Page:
“For the most part people travel not just for the sake of it, but in order to participate in spatially disjointed activities (for example, living, working, shopping, visiting in different places)” Luca Bertolini and Frank le Clercq, Urban development without more mobility by car? Lessons from Amsterdam, a multimodal urban region
Young Dutch Men out on the town. G, Hulster., A. Gielen, J. Dirks, M. te Brömmelstroet, (2020) Why We Cycle.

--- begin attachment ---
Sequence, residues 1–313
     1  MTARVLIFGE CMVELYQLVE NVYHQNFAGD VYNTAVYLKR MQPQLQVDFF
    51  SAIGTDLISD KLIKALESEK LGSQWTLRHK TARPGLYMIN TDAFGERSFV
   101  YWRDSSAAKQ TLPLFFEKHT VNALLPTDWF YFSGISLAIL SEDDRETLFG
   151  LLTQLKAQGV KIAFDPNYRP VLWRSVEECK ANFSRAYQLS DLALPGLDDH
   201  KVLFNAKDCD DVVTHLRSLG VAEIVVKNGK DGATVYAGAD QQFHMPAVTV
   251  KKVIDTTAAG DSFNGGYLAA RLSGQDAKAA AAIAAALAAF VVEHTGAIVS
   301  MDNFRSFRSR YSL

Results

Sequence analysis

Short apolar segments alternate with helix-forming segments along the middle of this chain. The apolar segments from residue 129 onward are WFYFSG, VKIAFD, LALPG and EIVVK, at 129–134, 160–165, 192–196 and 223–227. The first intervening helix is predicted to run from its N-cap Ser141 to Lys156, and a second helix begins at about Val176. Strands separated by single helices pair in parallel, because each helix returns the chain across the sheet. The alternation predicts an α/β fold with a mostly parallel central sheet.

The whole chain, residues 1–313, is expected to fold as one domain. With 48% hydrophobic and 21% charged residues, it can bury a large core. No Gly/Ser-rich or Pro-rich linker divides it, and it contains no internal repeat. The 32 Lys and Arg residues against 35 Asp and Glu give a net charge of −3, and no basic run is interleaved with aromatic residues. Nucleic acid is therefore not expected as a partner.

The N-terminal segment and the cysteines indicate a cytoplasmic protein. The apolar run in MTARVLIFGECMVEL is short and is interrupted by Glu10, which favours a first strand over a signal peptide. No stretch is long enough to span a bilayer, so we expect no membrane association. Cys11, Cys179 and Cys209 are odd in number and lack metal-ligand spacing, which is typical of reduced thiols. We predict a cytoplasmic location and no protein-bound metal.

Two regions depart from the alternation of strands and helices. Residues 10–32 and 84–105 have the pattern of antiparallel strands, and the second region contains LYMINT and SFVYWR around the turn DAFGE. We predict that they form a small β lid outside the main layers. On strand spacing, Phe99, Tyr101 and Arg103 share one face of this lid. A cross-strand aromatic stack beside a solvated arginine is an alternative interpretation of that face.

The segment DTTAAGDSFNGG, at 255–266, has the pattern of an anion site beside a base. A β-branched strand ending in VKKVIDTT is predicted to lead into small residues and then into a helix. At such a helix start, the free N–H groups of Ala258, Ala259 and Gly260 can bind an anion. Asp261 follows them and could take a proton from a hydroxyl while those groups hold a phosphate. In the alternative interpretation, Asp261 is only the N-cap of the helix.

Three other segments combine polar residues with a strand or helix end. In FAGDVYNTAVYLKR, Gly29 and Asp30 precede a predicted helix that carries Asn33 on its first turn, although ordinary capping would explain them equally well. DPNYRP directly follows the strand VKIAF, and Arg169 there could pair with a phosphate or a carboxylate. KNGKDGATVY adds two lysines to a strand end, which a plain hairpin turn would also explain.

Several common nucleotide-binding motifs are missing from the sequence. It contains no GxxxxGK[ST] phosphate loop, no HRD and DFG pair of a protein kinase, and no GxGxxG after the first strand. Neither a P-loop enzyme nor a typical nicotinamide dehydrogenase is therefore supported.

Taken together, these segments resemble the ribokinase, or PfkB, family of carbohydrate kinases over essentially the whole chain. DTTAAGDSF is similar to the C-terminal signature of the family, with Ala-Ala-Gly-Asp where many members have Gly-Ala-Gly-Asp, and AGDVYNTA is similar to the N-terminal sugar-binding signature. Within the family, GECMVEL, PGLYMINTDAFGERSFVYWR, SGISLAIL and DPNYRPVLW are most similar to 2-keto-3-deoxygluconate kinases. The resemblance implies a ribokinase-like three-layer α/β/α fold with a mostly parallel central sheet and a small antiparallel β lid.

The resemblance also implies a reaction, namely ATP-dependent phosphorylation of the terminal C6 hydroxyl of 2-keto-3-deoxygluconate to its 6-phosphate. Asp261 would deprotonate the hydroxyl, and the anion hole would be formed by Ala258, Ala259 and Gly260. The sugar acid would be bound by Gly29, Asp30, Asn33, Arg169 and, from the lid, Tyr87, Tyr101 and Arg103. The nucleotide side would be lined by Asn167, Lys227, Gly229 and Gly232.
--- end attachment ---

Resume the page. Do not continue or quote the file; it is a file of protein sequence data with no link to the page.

There is a large green belt that follows the northerly half of this flat area right around to South Dunedin (albeit there would be a small climb to it initially). At South Dunedin a cycle path that kept to the side of this Green Belt could join up with the main street of South Dunedin right through to Victoria Street at the beach. Intersecting this main street we also have Hillside road which has adequate room for two generous cycle paths on either side of it while still keeping the current two lanes for motor vehicles. Macandrew and Bay View Roads could be turned into one way roads (respectively away from Harbour and towards Harbour) with the remaining part of each of these roads turned over to bi-directional cycle paths. Bay View Road can then join up with the rather good cycle path along Portobello Road and both streets can join up with the cycle path that runs along Portsmouth drive to the city (joining Port Chalmers and Harington Point). We would also need some feeder cycle paths in the city and University areas to the two main cycle paths at the Harbour and at the Green Belt. A cycle path along Forbury Road/David Street from Caversham to St Clair and another from the St Clair esplanade to join up with the current cycle path on Queens Drive would complete this cycle path plan.